Skip to content

The Anatomy of a HTTP Request

by David Yates

I’m a software engineer by trade, and my job has mainly seen me working with web technologies. I’m going through a bit of a “back to basics” perios and thought I might revisit some of these 101 topics while I do some work on my blog (I needed an excuse to try out the mermaid rendering engine for diagrams 🙂).

Whenever I teach someone about web development, I always start with the basics. I think it’s important to understand the fundamentals of how the web works before you start building things on top of it. I’m going to start with the basics of HTTP. So let’s get started.

What is HTTP?

All communication systems need a protocol. A protocol is a set of rules that govern how two or more entities communicate. When you call someone, you establish a connection with them via a protocol. You dial their number, they answer, you say hello, they say hello back, you ask how they are, they ask how you are, etc. This is a protocol. As the internet has grown, so has the need for protocols. The internet is a network of networks, and it needs a protocol to govern how these networks communicate with each other. This is where HTTP comes in.

HTTP stands for HyperText Transfer Protocol. It is a protocol that allows for the transfer of data between a client and a server. It is the foundation of the web and is used to transfer data between a client (usually a web browser) and a server (usually a web server). It is a stateless protocol, which means that each request is independent of the previous request. This means that each request can be handled independently of the previous request. This is important because it allows for the web to scale to millions of users.

HTTPS is a secure version of HTTP. It uses TLS (Transport Layer Security) to encrypt the data being transferred between the client and the server. This is important because it prevents anyone from eavesdropping on the data being transferred. It also prevents anyone from tampering with the data being transferred. For this post though we will be focusing just on HTTP.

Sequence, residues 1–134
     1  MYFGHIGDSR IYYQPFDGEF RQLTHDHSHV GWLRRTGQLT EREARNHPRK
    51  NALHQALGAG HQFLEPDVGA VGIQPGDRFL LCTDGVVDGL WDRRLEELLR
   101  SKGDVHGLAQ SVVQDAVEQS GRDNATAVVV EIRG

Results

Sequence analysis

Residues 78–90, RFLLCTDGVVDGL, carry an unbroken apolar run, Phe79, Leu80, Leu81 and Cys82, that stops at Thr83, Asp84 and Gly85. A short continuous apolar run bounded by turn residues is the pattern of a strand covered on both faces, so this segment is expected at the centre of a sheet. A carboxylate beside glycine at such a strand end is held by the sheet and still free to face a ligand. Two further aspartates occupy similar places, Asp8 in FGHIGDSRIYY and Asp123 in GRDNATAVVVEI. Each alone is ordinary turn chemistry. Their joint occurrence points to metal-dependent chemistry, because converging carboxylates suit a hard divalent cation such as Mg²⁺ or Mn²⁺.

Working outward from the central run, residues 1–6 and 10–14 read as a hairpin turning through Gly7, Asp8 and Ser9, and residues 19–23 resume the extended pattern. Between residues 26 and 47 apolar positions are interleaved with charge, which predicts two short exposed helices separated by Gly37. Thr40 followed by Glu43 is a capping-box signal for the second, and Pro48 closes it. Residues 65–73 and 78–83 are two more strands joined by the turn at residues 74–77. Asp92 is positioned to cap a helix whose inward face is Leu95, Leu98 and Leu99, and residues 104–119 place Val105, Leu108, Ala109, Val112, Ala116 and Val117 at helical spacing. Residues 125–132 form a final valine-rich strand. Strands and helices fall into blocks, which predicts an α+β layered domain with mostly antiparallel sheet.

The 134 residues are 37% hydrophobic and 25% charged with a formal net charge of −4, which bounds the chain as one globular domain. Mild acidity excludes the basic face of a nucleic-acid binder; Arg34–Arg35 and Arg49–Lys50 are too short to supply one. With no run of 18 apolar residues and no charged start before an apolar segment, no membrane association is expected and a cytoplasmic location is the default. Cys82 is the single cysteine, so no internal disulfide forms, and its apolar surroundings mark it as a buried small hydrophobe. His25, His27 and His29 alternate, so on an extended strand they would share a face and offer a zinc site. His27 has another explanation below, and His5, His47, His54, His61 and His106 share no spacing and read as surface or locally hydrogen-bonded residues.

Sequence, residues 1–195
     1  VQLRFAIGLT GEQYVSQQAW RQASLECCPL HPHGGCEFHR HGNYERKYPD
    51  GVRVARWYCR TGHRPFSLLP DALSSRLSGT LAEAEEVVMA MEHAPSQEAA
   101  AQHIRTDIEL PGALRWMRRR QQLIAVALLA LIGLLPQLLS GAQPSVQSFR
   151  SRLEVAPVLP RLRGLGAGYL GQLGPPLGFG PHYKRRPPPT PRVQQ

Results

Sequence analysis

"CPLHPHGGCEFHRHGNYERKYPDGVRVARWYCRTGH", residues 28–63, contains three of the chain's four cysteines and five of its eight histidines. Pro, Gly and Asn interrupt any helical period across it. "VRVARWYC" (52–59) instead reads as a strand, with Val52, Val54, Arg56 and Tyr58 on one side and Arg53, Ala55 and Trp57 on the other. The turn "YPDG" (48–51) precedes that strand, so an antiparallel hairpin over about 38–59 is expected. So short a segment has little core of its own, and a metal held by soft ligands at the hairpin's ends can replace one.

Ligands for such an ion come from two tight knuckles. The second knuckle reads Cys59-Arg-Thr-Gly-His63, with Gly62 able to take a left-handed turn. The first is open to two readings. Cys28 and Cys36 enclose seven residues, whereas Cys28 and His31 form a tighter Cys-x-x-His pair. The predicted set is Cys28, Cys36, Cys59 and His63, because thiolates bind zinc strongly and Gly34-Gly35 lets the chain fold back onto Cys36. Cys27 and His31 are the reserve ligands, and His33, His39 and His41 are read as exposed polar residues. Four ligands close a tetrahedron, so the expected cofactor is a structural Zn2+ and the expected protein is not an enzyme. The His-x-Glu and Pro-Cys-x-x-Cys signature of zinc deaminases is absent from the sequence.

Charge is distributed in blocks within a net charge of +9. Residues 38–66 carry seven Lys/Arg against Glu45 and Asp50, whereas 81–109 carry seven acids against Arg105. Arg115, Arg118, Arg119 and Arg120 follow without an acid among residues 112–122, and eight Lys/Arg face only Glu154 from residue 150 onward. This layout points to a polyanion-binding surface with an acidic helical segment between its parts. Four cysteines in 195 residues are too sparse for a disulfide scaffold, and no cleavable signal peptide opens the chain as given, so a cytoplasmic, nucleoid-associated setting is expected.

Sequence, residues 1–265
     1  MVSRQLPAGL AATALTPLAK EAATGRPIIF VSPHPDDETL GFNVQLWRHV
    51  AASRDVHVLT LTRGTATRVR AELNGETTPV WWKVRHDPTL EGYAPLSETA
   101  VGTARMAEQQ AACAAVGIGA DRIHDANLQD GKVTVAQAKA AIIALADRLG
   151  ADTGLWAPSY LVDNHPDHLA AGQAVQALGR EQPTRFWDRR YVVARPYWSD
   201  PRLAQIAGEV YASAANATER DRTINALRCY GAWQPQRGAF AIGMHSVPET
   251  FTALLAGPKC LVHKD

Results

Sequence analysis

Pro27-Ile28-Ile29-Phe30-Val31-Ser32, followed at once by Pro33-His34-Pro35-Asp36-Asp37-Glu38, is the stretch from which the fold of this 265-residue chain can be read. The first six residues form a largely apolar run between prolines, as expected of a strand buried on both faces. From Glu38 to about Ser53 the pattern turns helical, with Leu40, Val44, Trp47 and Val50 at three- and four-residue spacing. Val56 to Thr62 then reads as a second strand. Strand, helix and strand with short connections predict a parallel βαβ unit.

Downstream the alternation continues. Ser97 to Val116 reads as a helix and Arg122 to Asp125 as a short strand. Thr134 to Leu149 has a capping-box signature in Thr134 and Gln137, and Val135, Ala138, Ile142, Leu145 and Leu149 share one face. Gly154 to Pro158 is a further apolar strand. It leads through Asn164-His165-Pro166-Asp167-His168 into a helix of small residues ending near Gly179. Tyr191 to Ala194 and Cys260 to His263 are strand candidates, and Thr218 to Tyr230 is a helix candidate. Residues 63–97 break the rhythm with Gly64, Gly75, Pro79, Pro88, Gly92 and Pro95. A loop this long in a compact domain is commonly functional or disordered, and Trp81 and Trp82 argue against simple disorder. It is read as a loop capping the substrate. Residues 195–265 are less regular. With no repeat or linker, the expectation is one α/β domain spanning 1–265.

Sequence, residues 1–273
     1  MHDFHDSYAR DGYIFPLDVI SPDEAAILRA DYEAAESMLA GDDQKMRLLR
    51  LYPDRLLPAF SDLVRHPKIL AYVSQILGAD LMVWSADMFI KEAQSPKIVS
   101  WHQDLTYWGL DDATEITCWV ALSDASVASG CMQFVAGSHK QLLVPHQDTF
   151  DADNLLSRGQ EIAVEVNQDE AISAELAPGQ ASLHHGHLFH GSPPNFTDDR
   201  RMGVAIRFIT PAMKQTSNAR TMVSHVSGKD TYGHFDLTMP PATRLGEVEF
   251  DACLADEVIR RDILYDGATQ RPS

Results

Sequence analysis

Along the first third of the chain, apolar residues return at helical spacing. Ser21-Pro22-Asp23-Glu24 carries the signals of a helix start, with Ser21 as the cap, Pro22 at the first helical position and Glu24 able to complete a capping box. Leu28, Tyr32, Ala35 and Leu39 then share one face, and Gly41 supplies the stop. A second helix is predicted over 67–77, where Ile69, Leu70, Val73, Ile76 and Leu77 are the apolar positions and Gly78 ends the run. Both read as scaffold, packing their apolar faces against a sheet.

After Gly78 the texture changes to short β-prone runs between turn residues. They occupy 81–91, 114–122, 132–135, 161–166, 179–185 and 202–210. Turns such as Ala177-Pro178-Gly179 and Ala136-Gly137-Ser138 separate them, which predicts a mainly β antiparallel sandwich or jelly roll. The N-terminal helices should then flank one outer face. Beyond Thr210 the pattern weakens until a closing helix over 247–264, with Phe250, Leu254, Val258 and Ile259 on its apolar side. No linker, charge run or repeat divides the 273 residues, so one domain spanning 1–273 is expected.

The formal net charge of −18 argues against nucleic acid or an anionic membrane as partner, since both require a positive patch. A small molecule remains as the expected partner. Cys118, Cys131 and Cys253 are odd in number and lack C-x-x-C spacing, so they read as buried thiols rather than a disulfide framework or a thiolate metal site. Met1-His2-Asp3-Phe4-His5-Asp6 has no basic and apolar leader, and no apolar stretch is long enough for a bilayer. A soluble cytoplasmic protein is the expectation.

What is a HTTP Request?

When you make a request to a web server, usually from a web browser, you are sending a HTTP request. The server then responds with a HTTP response. The HTTP request contains information about the request, such as the URL of the resource being requested, the method used to make the request, and any headers that are sent with the request. The HTTP response contains information about the response, such as the status code, the content type, and any headers that are sent with the response.

A HTTP Request when you log it out looks like this:

GET /index.html HTTP/1.1
User-Agent: Mozilla/5.0 (Windows NT 10.0; Win64; x64)
Accept: text/html,application/xhtml+xml,application/xml;q=0.9,*/*;q=0.8
Accept-Language: en-US,en;q=0.5
Accept-Encoding: gzip, deflate, br
Connection: keep-alive

… and so on. You can garner a lot of information from a HTTP request. The most important thing to know is that it is a request for a resource. The resource can be anything from a web page to a file to a database record. The request is made up of a few different parts:

Loading graph...

What is a HTTP Response?

After receiving a HTTP request, the server sends back a HTTP response. The response contains information about the result of the request, such as the status code, the content type, and any headers that are sent with the response.

A typical HTTP Response might look like this:

HTTP/1.1 200 OK
Date: Sat, 10 Sep 2023 13:14:33 GMT
Server: Apache/2.4.6 (CentOS)
Content-Type: text/html; charset=UTF-8
Content-Length: 138
X-Powered-By: PHP/7.0.25
X-Frame-Options: SAMEORIGIN

The response is made up of a few different parts:

Loading graph...

and thats a wrap! Understanding HTTP requests and responses is a fundamental part of web development. I hope this post has helped you understand the basics of HTTP. If you have any questions, please feel free to leave a comment below. Thanks for reading!

All Posts